With an ROE of 19.08%, Primerica Inc (NYSE:PRI) outpaced its own industry which delivered a less exciting 9.15% over the past year. While the impressive ratio tells us that PRI has made significant profits from little equity capital, ROE doesn’t tell us if PRI has borrowed debt to make this happen. In this article, we’ll closely examine some factors like financial leverage to evaluate the sustainability of PRI’s ROE. View our latest analysis for Primerica
Peeling the layers of ROE – trisecting a company’s profitability
Return on Equity (ROE) is a measure of Primerica’s profit relative to its shareholders’ equity. It essentially shows how much the company can generate in earnings given the amount of equity it has raised. While a higher ROE is preferred in most cases, there are several other factors we should consider before drawing any conclusions.
Return on Equity = Net Profit ÷ Shareholders Equity
Returns are usually compared to costs to measure the efficiency of capital. Primerica’s cost of equity is 8.85%. Given a positive discrepancy of 10.24% between return and cost, this indicates that Primerica pays less for its capital than what it generates in return, which is a sign of capital efficiency. ROE can be split up into three useful ratios: net profit margin, asset turnover, and financial leverage. This is called the Dupont Formula:
ROE = profit margin × asset turnover × financial leverage
ROE = (annual net profit ÷ sales) × (sales ÷ assets) × (assets ÷ shareholders’ equity)
ROE = annual net profit ÷ shareholders’ equity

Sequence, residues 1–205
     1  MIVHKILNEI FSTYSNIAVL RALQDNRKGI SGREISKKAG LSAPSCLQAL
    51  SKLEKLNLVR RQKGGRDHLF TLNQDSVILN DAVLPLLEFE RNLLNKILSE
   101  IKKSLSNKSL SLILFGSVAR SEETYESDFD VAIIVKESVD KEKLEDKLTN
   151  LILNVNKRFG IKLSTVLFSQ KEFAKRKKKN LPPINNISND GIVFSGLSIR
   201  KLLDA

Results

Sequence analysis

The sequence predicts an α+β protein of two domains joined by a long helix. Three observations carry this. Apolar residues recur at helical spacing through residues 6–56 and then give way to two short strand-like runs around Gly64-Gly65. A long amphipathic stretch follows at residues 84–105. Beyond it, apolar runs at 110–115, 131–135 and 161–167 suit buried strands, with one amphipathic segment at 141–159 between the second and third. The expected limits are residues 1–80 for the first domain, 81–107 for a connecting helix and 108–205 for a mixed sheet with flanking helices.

The first component is profit margin, which measures how much of sales is retained after the company pays for all its expenses. The other component, asset turnover, illustrates how much revenue Primerica can make from its asset base. The most interesting ratio, and reflective of sustainability of its ROE, is financial leverage. Since financial leverage can artificially inflate ROE, we need to look at how much debt Primerica currently has. At 91.23%, Primerica’s debt-to-equity ratio appears balanced and indicates the above-average ROE is generated from its capacity to increase profit without a large debt burden.
While ROE is a relatively simple calculation, it can be broken down into different ratios, each telling a different story about the strengths and weaknesses of a company. Primerica’s above-industry ROE is encouraging, and is also in excess of its cost of equity. Its high ROE is not likely to be driven by high debt. Therefore, investors may have more confidence in the sustainability of this level of returns going forward. Although ROE can be a useful metric, it is only a small part of diligent research.
For Primerica, I’ve compiled three important factors you should look at:
- 1. Financial Health: Does it have a healthy balance sheet? Take a look at our free balance sheet analysis with six simple checks on key factors like leverage and risk.
- 2. Valuation: What is Primerica worth today? Is the stock undervalued, even when its growth outlook is factored into its intrinsic value? The intrinsic value infographic in our free research report helps visualize whether Primerica is currently mispriced by the market.
- 3. Other High-Growth Alternatives : Are there other high-growth stocks you could be holding instead of Primerica? Explore our interactive list of stocks with large growth potential to get an idea of what else is out there you may be missing!
To help readers see pass the short term volatility of the financial market, we aim to bring you a long-term focused research analysis purely driven by fundamental data. Note that our analysis does not factor in the latest price sensitive company announcements.
The author is an independent contributor and at the time of publication had no position in the stocks mentioned.